Lots on inconsistencies.[edit]

There seem to be lots on inconsistencies in this article, especially regarding water areas.

For Michigan the numbers for lard and water don't add up to the total.

The captions on the last 2 pictures:

"Sunset on Lake Michigan. Michigan is second behind Alaska in water area." and "Florida is mostly a peninsula, and has the third largest water area and seventh largest water area percentage" would suggest that the top 3 in water area is:

1) Alaska 2) Michigan 3) Florida

But the Chart would suggest that the rank would be:

1) Alaska 2) Minnesota 3) Florida 4) Wisconsin 5) Louisiana 6) California 7) Michigan

May of the numbers do not agree with what you find on the individual state pages.

Brewmenn (talk) 05:34, 18 May 2010 (UTC)

Not sure what you are looking at, but if you sort on "water (sq mi)" (descending), you'll find the following:
1) Alaska - 91,316.00 square miles
2) Michigan - 39,912.28
3) Florida - 11,827.77
4) Wisconsin - 11,187.72
5) Louisiana - 8,277.85
6) California - 7,736.23
7) New York - 7,342.22
Michigan is clearly number #2. It has more water surface area than the next four states combined. I guess that is one reason Michigan is called the "Great Lakes State". PhizzySimpleMichigan.svg 20:25, 2 June 2011 (UTC)

GUAM There is a contradiction with the page about GUAM (200 sq. Km/541 sq. Miles) which is much smaller.--79.154.37.80 (talk) 03:25, 28 December 2010 (UTC)


I've noticed several of the numbers don't match up the source that was given by the article here: http://www.census.gov/compendia/statab/2012/tables/12s0358.pdf

Alaska, for example, is given as 663,267 sq mi but the Census table's number is 664,988 sq mi. Where did '663,267' come from? Ww7439 (talk) 02:27, 29 December 2013 (UTC)

The source used was the 2000 Census. I just found the areas used in the 2010 census, so I will update this article soon. --Lasunncty (talk) 07:29, 1 January 2014 (UTC)
Updated to 2010 census. Hwy43 (talk) 17:32, 8 February 2014 (UTC)
Thanks, I forgot about it. --Lasunncty (talk) 00:45, 10 February 2014 (UTC)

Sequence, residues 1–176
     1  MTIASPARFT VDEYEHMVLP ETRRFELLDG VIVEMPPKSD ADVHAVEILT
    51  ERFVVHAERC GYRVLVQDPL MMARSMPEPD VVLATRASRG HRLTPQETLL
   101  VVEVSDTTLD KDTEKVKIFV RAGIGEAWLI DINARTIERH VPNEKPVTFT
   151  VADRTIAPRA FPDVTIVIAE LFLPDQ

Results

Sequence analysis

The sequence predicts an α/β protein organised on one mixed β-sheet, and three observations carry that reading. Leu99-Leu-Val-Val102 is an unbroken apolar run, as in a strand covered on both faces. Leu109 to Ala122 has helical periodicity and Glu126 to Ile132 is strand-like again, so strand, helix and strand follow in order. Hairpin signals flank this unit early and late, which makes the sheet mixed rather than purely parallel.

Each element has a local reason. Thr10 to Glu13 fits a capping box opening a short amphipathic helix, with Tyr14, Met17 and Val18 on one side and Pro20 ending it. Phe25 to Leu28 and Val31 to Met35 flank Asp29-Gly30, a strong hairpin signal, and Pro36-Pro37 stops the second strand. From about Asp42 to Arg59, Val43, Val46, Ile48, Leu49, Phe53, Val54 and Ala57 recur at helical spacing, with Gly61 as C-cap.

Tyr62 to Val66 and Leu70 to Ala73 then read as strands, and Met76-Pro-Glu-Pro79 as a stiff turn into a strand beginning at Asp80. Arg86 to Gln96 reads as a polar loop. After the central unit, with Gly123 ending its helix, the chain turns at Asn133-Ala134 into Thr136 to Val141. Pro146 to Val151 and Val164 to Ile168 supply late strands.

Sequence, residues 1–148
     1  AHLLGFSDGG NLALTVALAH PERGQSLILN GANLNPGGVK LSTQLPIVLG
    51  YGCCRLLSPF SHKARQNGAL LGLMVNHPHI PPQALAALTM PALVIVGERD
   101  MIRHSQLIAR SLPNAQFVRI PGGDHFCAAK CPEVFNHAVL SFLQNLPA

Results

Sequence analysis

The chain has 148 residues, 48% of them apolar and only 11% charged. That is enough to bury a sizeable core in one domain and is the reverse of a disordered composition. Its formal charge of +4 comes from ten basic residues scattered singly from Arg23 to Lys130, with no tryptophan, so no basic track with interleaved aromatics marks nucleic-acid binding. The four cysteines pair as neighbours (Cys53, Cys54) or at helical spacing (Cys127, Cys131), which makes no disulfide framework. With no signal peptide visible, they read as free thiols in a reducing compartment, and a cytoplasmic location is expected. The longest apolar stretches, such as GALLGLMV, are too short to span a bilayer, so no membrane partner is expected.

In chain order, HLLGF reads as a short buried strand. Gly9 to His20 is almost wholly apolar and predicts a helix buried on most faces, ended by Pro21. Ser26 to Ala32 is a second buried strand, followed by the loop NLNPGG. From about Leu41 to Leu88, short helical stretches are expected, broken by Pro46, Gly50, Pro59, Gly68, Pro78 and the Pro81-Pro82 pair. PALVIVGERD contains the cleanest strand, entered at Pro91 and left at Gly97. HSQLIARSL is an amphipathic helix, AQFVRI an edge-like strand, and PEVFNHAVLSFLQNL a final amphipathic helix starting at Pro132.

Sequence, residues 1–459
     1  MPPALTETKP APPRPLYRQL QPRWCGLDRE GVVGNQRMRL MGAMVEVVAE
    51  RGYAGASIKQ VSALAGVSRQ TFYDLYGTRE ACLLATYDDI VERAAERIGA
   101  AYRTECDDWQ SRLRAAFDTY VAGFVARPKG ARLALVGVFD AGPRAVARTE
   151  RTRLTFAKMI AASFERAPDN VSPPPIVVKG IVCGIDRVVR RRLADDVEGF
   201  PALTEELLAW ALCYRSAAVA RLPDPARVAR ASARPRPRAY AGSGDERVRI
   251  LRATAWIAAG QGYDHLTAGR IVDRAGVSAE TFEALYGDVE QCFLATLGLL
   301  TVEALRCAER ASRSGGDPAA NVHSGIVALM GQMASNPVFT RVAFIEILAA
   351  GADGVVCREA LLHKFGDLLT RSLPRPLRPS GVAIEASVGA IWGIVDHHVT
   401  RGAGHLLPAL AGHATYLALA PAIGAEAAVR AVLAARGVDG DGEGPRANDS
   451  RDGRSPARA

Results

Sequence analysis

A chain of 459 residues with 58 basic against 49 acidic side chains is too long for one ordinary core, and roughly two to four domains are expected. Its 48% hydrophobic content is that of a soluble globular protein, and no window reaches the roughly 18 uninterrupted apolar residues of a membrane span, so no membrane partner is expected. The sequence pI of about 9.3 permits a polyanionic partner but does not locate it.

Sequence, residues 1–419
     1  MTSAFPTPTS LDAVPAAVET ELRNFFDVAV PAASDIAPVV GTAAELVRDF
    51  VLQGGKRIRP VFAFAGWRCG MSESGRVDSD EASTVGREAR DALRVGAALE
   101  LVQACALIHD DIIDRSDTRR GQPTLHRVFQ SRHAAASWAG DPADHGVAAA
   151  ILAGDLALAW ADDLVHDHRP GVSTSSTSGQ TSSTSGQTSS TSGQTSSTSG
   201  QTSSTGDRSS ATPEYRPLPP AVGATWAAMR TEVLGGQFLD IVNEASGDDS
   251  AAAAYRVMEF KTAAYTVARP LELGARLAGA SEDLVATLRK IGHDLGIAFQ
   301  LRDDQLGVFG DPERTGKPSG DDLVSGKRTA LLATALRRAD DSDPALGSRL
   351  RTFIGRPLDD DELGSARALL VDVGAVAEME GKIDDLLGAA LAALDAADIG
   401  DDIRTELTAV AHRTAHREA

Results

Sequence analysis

comparable countries[edit]

This column was added on April 21. I'm not sure it is necessary. I see one person tried to remove it but was reverted. Can we have some discussion about whether this is encyclopedic? My stance is that if you really want to know which countries are comparable in size, you should refer to List of countries by percentage of water area (although that article need some work). --Lasunncty (talk) 07:42, 14 June 2011 (UTC)

I think it is interesting and puts things into context. They are not just numbers. — Preceding unsigned comment added by Chogg (talkcontribs) 18:08, 28 June 2011 (UTC)
I think it is a very good column to have in the matrix. It adds info that provides an example that is more-or-less instantly recognizable by the casual reader (both American and international). I not only say leave it in, I say add similar columns to other articles (e.g., Canadian Provinces, counties in states, etc.).
Bravo Editor!
72.82.176.105 (talk) 22:07, 2 July 2011 (UTC)
It seems that there are a number of obvious omissions in the list of countries. For instance, Guyana is listed 4 times, but Metropolitan/European/Continental France is a better match in size to Kansas; Great Britain is a good match to Minnesota, but Guyana is listed for these two states. I'd argue that Western European counties, are better known to the reader of the English version of Wikipedia, than the other countries listed.
108.7.187.186 (talk) 04:53, 24 January 2012 (UTC)